This is a guest post from Anna Meier, a Ph.D. candidate at the University of Wisconsin–Madison.Note that this post was written before APSA released an expanded statement on the white supremacist insurrection at the U.S. Capitol.“
Last week, the American Political Science Association released a milquetoast statement on the January 6 white supremacist attack at the U.S. Capitol that got buried in the onslaught of news coverage. It resurfaced on Twitter over the weekend to outrage, with many political scientists noting that the statement omitted any acknowledgment of racism or white supremacy but did mention that “both sides” needed to “do better.”
Sorry, clickbait! But admit, it, after an apology of race science in Quillette or “The Case for Colonialism” in TWQ you probably rage-clicked on the thumbnail to let me have it. Periodic IR Twitter flares over teaching “Stoddard light” (i.e., Huntington) also show that not all scholars are aware of racialized origins of world order, existing color lines in global capitalism, or even “race relations” pedigree of IR as a discipline. This post is about a case for teaching about nationalism because it seems like different versions of racist primordial rhetoric just won’t die.
As a blog post by John Jackson made it clear, race science is a vampire science that comes back every so often [Twilight joke edited]. I see from time to time some type of “IQ difference” and “levels of criminality” arguments coming up among students because these arguments are essentially polished up turds from the 19th century anthroposociology and Social Darwinism that keep stinking up even supposedly an academic debate through mainstreaming of far-right rhetoric around the world. If a “Leader of the Free World” can say that “Mexicans are rapists” and “they bring drugs and crime” on prime-time television while the news dutifully resort to both-sidism and place chyrons with direct quotes, is our last hope education?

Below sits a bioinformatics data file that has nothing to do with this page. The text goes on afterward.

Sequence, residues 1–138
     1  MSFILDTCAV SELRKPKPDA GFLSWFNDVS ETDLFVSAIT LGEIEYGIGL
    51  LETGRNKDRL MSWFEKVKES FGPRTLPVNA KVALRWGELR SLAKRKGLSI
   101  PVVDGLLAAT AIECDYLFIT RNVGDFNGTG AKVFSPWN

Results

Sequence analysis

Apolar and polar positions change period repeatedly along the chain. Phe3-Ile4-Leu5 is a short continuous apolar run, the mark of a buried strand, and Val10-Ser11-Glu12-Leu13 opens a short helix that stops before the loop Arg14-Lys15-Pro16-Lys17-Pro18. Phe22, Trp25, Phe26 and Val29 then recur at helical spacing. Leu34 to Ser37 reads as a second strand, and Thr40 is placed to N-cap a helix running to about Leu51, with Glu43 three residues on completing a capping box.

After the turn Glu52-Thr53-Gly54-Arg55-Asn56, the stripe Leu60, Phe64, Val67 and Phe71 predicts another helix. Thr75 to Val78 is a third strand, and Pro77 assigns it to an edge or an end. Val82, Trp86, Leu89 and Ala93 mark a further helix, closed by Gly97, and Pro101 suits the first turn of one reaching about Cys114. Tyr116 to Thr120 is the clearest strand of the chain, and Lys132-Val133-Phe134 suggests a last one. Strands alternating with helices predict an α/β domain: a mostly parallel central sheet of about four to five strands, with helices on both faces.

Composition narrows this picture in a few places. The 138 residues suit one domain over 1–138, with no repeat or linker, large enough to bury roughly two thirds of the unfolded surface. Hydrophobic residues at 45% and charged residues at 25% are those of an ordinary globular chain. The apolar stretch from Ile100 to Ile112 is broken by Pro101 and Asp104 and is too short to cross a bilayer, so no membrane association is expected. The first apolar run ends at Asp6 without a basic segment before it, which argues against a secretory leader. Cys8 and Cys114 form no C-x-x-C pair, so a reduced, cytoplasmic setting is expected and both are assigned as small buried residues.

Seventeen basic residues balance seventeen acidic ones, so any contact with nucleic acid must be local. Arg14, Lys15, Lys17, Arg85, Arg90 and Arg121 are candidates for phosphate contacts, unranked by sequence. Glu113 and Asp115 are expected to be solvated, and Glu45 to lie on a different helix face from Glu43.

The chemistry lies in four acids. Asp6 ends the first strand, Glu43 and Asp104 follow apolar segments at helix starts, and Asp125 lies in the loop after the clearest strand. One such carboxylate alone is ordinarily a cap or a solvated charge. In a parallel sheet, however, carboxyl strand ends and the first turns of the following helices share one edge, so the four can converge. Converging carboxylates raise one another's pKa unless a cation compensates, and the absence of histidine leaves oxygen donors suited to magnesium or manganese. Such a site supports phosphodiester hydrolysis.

I have taught a course on theories of nationalism for several years now and we always start with the primordial stuff: blood, speech, custom, region, and religion. At this point, I invite students to create a ‘fake nation” in groups. This usually yields a very fun and diverse set of nations from island matriarchate with coconut cult to unicorn-blooded mermaid atheists. This exercise, of course, does not reverse or heal all the prejudice that might have collected in the backs of the minds of students (I have another 13 sessions for that) but at least it gives them an opportunity to reflect on the artificial nature of nation-building projects.
Another important session is on the role of collective memory and politics of commemoration. Especially on the undergraduate level where high school memories are not that far off, it’s important to reflect what was chosen to remember and what was chosen to forget in history books, why certain public holidays make the cut, and how national projects begin in the everyday, often unnoticed practices of creating a “culture”. But, as Huntington’s resilience on the syllabi shows, “culture” still serves as an ontological category that elevates constructed differences to political ones. So, after 14 sessions of talking imagined communities, “scientific” racism, and ontological security among others, I rarely get the boiler plate “Western civilization” in the exam answers, but how do I know the vaccination against racism has been successful?
As Paul Musgrave noted, right-wing media tells me that I can turn my students into socialists, but my experience tells me that I can’t even make them do the reading. So, what can we as political scientists do to inoculate against racism and xenophobia? What should we encourage the students to read? Because I don’t want to see the vampire science rise again.
Footage of toppled Confederate statues all over cities in the US reminded me of the events my homeland went through a couple of decades ago and might go through again in some years. Some experts already compared the toppling of Confederate statues with “Leninopad” – razing of Lenin statues in Ukraine, but renaming streets and bringing down monuments was a la mode in newly independent Russia as well. Most Westerners might be familiar with the iconic footage of Felix Dzerzhinsky’s downfall in 1991 among the jubilant crowds gathered in front of the KGB building. The infamous founder of NKVD lost his base and never came back to the square in front of the now FSB. For the record though, my music school still has the Dzerzhinsky street address and his monument nearby sports fresh flowers every now and then. But I am from the Deep South that consistently voted for the Communist Party after the collapse of the Soviet Union until Putin managed to sway the electorate his way. That Dzerzhinsky is not going anywhere.